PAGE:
Thus Haggard was contributing to an already well-established genre when he came to write Allan and the Ice-Gods in 1922, and few of his ideas were "original." There had been many tales of small primitive tribes struggling with dangerous environments, savage beasts and their own atavistic impulses. Even his framing device, of a hero's slip backwards in time into an earlier incarnation of himself, was well-worn: Jack London had utilized something similar in Before Adam. But Haggard's narrative has the virtue of being more vivid than most, more deeply imagined. Once past the opening couple of chapters, with their rather heavy- handed humour and elements of authorial self-parody (the ageing Allan Quatermain in terrified flight from his own particular cut- price version of She-Who-Must-Be-Obeyed, Lady Luna Ragnall), the reader is gripped by the prehistoric characters, the descriptions of their world, and the set-piece action scenes. There are many good things: the mammoth and the hairy ape-man trapped inside the glacier, where they are mistaken for "ice-gods"; the making of the great axe by Pag the Cunning Dwarf; the hero's duel-to-the- death with the old tribal chieftain, Henga; the trapping of the wolves and the killing of the sabre-tooth; the coming of the golden-haired, heartbreaking Laleela in her dugout canoe; the fight with the aurochs; and so on. The character of Pag, in particular, dominates the novel; he is another of Haggard's wise and wonderful dwarfs (compare Hans the Hottentot in The Ivory Child — of whom, we learn in the final chapter, Pag is almost certainly a "pre-incarnation" — or Otter, the stunted but formidable Zulu warrior in The People of the Mist).

Prehistoric romance has remained popular since Haggard's contribution to the form; in fact, it has gained a whole new lease of life in the last couple of decades thanks to Jean M. Auel's bestselling series of "Earth's Children" novels (The Clan of the Cave Bear [1980], etc) — compare Auel's Ayla, the stone-age blonde, with Haggard's Laleela. Among the lesser-known recent examples of prehistoric fiction are Philip Jose Farmer's Hadon of Ancient Opar (1974) and it sequel Flight to Opar (1976), action-adventure yarns which readers of Haggard's novel should find particularly interesting. Although they are billed as prequels to Edgar Rice Burroughs's "Tarzan" novels, set circa 10,000 BC and involving a sophisticated civilization which flourishes around an inland sea in central Africa, a civilization which founded Tarzan's lost city of Opar, they are also, as it turns out, sequels to Allan and the Ice-Gods. The characters of Laleela and Pag recur — renamed by Farmer "Lalila" and "Paga" — and are imagined fleeing southward to Africa from the European locale of Haggard's novel. Pag, or Paga, carries with him the marvellous axe which he fashioned from meteoric metal.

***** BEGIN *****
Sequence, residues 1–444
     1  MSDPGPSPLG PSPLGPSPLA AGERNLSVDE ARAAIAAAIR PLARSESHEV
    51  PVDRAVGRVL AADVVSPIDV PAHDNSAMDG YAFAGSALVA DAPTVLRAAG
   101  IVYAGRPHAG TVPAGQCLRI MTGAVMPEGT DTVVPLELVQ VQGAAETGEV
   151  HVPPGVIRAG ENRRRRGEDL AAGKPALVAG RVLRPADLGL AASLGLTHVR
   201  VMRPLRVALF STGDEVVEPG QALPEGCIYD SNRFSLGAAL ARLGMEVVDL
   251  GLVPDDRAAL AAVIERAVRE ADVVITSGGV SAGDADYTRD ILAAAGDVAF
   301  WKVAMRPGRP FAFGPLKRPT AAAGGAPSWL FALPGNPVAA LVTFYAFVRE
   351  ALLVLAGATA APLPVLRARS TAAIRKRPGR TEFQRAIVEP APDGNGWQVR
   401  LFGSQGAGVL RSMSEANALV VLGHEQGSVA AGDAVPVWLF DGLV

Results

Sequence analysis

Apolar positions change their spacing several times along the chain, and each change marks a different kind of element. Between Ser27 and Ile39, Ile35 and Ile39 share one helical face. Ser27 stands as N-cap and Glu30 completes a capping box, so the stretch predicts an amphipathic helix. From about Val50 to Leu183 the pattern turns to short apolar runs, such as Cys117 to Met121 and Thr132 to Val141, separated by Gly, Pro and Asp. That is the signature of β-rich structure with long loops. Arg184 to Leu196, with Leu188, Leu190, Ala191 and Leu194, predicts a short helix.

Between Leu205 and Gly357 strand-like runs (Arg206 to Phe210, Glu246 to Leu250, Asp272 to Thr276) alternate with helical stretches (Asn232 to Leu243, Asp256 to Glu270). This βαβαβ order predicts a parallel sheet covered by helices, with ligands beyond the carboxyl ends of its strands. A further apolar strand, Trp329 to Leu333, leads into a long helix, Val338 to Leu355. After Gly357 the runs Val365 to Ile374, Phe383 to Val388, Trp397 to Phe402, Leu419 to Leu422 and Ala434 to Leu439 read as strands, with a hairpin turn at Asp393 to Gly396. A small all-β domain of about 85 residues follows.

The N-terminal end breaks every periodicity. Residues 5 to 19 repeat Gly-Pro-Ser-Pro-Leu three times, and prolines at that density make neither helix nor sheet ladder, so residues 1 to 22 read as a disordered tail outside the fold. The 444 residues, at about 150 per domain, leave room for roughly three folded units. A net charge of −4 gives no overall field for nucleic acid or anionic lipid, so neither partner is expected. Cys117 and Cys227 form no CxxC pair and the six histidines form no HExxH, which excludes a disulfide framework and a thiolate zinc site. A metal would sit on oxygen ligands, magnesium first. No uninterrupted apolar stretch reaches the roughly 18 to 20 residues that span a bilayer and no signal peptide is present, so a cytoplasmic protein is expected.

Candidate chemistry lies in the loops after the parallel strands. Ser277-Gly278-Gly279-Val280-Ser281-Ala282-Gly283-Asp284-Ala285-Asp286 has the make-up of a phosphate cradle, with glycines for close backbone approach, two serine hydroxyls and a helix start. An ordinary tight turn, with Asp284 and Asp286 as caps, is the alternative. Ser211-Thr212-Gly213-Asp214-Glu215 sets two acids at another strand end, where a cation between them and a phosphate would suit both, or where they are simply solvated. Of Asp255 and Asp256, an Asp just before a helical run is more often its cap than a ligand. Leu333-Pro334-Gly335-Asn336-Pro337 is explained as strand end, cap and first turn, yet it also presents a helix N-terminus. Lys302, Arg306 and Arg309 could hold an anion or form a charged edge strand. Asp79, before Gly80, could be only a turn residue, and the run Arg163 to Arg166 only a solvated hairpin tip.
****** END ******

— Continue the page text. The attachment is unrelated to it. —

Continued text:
When I interviewed Philip Jose Farmer many years ago, in 1976, he had this to say:

"My Oparian civilization is not founded just on elements from Burroughs. It represents an amalgamation between Burroughs and Haggard. This huge axe-head made from meteorite iron actually first appeared in Haggard's Allan and the Ice-Gods. There are two characters in the first novel, Hadon of Ancient Opar, who appeared in Haggard's book, Lalila and the dwarf Paga — or Pag, as he was called in Haggard's novel. Now the hero of Haggard's novel has died in my novel; he gave the axe to Pag, who in turn has given it to Kwasin [one of Farmer's heroes]. Kwasin will have this huge axe through the series, and eventually it will go to Hadon's son, who, after the great catastrophe, will emigrate to the south and found the city of Kor which appeared in Haggard's She. And this axe, if you're familiar with the Allan Quatermain novels, later on fell into the hands of Umslopogaas, the great Zulu hero, who shattered it in the city of Zu-Vendis, you remember [the reference is to the climax of Haggard's Allan Quatermain, 1887]. So... I'm tracing the history of this axe from Haggard to Burroughs and back to Haggard; and I'm incorporating Haggard's lost cities into Burroughs's lost cities."

— Philip Jose Farmer,
interviewed by David Pringle on 14th June 1976

Unfortunately, Mr Farmer (who is now 80 years of age) did not write a third "Opar" novel, and so we never did get to learn the story of Pag's axe in full; but the notion of it surviving to become Umslopogaas's great war-axe, the dreaded skull-tapper known as "Woodpecker," is pleasing, and I am sure Haggard himself would have appreciated it.

copyright 1999 by David Pringle, all rights reserved